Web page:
Vitamins & supplements: Your daily defense against colds
Since the pandemic shook public health with its devastating effects, the world has recognized how important immunity is in keeping our bodies healthy and safe from viruses. Particularly when winters roll in, one becomes more vulnerable to viral conditions. Be it common colds, coughs or everyday allergies, certain vitamins and supplements play a vital role in preventing their occurrence and even shielding us from their onslaught. Although they may provide this edge, it is important to stay fighting fit through a combination of good hygiene, proper hydration, a healthy diet, restful sleep, stress management and regular exercise.
In this blog we will explore the efficacy of supplements based on moderate scientific evidence as well as preliminary evidence, as in proof that’s been derived from direct experience and passed on almost by word of mouth.
Moderate evidence suggests that…
The effect of vitamin C, vitamin D and zinc is mostly positive against fighting or preventing cold and flu-like conditions. While vitamin C appears to be the most common line of defense (C for colds), the other two supplements play a significant role too. Let’s explore.
Vitamin C is most marketed go-to supplement for prevention and treatment of colds. Naturally so. It helps immune cells form and function as it supports the skin cells that protect you from disease causing bacteria and viruses. However, can this protection ward off colds altogether? Here are a few research findings:
- People who start taking vitamin C while already having a cold don’t see any immediate relief or benefit. At best, the vitamin can shorten the duration of a cold in an ailing patient. But it does not cure the condition.
- However, if you take vitamin C regularly enough, you can expect shorter colds (up to 8% in adults and 14% in children), with perhaps less intense symptoms.
- Those who engage in regular exercise, like athletes enjoy the ability to bounce back from colds much faster – provided they’ve been supplementing regularly.
Sources of vitamin C: Citrusy fruits, strawberries, blackcurrants, broccoli, sprouts and potatoes.
Daily intake: Adults should consume up to 40mg of vitamin C a day. This is usually covered in your regular healthy balanced diet. Vitamin C isn’t stored in the body, so you need it every day.
The case for vitamin D is slightly different from vitamin C. Studies show that one’s immunity is impaired when vitamin D becomes deficient in your system. Since vitamin D receptors are found all throughout your body, they are integral to cellular processes including the regulation of immune cells during infectious bouts. Vitamin D also helps regulate the amount of calcium and phosphate in the body. These nutrients keep the bones, teeth and muscles healthy.
People with low vitamin D levels are at greater risk of viral infections in the upper respiratory tract (URT). Taking vitamin D may put you at less risk of asthma attacks.
Daily intake: Taking vitamin D is not a guaranteed defense against common colds, but its deficiency might compromise your immunity further.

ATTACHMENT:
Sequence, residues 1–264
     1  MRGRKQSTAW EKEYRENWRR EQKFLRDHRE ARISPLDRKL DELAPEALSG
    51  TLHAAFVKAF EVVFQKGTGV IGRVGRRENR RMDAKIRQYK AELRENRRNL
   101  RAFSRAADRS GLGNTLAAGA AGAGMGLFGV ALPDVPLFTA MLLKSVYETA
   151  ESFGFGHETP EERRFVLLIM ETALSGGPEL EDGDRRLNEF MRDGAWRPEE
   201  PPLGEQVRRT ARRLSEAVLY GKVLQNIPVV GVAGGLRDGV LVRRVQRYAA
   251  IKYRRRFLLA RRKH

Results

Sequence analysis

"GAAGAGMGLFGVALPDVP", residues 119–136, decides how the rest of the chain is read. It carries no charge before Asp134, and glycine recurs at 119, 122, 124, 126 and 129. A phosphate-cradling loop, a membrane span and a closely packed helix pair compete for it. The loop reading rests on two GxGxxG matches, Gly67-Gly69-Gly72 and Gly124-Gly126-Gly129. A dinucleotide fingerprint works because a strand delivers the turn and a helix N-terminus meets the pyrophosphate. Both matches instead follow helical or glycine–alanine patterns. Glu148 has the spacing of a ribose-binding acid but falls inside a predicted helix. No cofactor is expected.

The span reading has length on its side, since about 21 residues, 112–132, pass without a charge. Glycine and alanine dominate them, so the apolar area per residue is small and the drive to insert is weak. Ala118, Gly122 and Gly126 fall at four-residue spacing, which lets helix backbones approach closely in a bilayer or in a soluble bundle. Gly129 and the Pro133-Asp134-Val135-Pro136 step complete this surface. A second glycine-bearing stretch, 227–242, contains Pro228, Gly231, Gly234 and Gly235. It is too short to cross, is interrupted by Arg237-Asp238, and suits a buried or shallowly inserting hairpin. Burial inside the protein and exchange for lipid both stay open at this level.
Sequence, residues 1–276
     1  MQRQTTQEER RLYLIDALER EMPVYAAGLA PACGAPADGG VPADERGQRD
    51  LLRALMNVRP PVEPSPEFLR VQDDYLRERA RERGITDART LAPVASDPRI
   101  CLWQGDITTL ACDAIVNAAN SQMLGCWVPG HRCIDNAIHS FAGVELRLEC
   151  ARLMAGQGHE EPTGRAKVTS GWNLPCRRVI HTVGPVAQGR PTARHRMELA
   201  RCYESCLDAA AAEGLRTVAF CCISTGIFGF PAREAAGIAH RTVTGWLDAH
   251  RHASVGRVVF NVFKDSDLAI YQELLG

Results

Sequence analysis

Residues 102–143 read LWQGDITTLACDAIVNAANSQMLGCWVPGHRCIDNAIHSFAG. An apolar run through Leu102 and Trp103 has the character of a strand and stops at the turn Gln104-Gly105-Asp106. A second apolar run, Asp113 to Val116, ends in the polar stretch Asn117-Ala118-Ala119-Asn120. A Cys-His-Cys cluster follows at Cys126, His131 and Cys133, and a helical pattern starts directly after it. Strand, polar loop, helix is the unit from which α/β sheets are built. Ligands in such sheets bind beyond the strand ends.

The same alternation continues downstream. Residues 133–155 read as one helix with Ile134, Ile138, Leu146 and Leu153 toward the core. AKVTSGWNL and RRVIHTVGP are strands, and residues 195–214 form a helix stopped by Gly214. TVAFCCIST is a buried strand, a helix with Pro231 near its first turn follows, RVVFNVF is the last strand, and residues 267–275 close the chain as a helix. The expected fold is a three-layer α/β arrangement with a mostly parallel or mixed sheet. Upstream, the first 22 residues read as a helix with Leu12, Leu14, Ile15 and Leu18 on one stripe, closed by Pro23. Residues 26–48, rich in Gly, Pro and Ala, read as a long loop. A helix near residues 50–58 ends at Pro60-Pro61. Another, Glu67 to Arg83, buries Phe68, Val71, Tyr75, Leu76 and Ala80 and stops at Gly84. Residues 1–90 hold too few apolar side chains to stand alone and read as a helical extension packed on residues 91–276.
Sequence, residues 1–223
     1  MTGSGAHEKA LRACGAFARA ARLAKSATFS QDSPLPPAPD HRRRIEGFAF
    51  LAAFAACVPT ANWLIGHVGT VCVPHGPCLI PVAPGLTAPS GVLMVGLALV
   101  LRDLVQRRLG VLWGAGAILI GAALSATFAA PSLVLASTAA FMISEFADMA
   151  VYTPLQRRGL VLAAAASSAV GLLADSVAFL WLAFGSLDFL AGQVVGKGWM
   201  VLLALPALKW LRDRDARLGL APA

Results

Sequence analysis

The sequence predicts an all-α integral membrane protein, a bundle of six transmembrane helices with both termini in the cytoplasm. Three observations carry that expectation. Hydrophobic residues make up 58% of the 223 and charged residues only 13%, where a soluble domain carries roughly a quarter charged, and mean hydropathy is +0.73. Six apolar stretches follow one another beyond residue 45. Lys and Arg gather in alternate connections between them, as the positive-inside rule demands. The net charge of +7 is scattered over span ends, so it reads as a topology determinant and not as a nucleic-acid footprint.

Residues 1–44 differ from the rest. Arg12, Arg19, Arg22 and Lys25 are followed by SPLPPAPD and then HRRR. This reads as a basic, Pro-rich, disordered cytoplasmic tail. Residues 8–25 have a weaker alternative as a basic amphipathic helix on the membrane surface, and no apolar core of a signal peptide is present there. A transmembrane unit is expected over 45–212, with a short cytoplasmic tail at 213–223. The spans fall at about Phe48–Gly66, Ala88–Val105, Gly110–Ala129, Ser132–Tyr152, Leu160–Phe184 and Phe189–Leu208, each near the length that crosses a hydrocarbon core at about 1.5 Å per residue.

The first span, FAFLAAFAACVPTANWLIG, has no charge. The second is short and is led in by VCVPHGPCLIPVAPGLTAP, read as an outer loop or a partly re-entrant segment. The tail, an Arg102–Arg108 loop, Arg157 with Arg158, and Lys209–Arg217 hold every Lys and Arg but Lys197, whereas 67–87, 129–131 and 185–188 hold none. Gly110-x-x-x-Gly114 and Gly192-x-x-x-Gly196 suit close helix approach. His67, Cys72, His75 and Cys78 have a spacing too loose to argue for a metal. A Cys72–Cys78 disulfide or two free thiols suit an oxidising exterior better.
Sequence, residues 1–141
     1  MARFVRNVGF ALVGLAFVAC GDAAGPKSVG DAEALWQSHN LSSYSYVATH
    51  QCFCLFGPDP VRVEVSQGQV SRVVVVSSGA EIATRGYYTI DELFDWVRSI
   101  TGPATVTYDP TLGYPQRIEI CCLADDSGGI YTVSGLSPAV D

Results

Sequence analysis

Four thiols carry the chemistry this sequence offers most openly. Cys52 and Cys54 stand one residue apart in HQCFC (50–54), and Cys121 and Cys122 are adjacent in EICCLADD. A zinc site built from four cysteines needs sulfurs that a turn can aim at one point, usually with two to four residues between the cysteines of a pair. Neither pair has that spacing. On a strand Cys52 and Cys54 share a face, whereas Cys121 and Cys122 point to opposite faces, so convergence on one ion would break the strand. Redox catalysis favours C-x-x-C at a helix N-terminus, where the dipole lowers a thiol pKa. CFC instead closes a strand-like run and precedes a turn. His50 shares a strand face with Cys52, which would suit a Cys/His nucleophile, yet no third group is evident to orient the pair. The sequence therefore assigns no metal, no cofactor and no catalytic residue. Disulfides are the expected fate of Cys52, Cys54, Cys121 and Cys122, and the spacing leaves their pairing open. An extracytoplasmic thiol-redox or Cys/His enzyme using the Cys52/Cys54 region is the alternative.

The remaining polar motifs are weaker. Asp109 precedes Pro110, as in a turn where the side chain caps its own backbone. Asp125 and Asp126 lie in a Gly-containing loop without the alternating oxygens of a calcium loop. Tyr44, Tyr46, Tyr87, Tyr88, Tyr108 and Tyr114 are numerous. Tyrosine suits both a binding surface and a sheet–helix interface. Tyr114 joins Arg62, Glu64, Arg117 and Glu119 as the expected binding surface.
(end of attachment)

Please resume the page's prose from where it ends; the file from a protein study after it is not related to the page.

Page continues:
Sources: egg yolk, liver, red meat, oily fish and plentiful sunshine.
Of all the supplements, zinc has seen an emergence in recent years, because it plays several crucial roles in the immune system. If you’re susceptible to colds, make sure your diet is rich in zinc. If you sweat a lot, your risk of zinc insufficiency tends to be higher too. However, all things considered, it is also risky to load your diet with too much zinc.
Daily intake: Zinc lozenges are shown to be useful in reducing respiratory tract infections. Sucked all through the day (75-95 mg of zinc), starting 24 hours within the onset of your symptoms, these lozenges can reduce the duration of your cold by 2 to 4 days. Though it may take more time to taper off. Before you head out to buy them, let us remind you that excessive use of Zinc lozenges may cause nausea or dysgeusia (a change in taste perception). Similarly, zinc nasal sprays can cause anosmia (loss of smell perception)
Additionally, you must know that zinc is present in certain amounts in our regular diet as well. So, if you do plan to take lozenges, your supplementation should not increase more than 100 mg/day, for up to 2 weeks.
Preliminary evidence suggests that…
Some of the most prominent and promising supplements are elderberries, echinacea and probiotics.
Known for their antioxidant properties, elderberries help reduce the duration of coughs and colds. But they are largely understudied as a supplement. Extracted from the fruit of elderberry shrubs, it is sometimes consumed as a juice. However, you must be careful so as to cook the berries properly to avoid toxicity.
Taken daily, echinacea is effective against the treatment of upper respiratory infections. But we must remind you that these studies are of a low quality and that the effects are moderate at best.
Probiotics may have a positive effect on improving the body’s immune response and preventing common colds. Logic suggests that this happens when they restore the natural balance of gut bacteria. But it is difficult to conduct a systematic review of the subject because different studies use different bacterial strains.
What’s the final take?
Reaching for supplements can seem like the quick fix defense against colds and the flu, but your best bet is to pair that intake with following non-negotiable measures. They have been proven to help patients bounce back much more efficiently.
- A healthy, nutrient-rich diet
- Minimised exposure to others with cold or the flu
- Plenty of fluids
- Adequate and regularised sleep
- Effective stress management
- Avoiding touching the eyes, nose, mouth
- Washing your hands regularly
- Having an exercise schedule
Read more at length about this in our next article.
Tags: Vitamin A, Vitamin C, Vitamin D, Echinacea, Elderberry, Probiotics, Vitamin sources, Vitamins against colds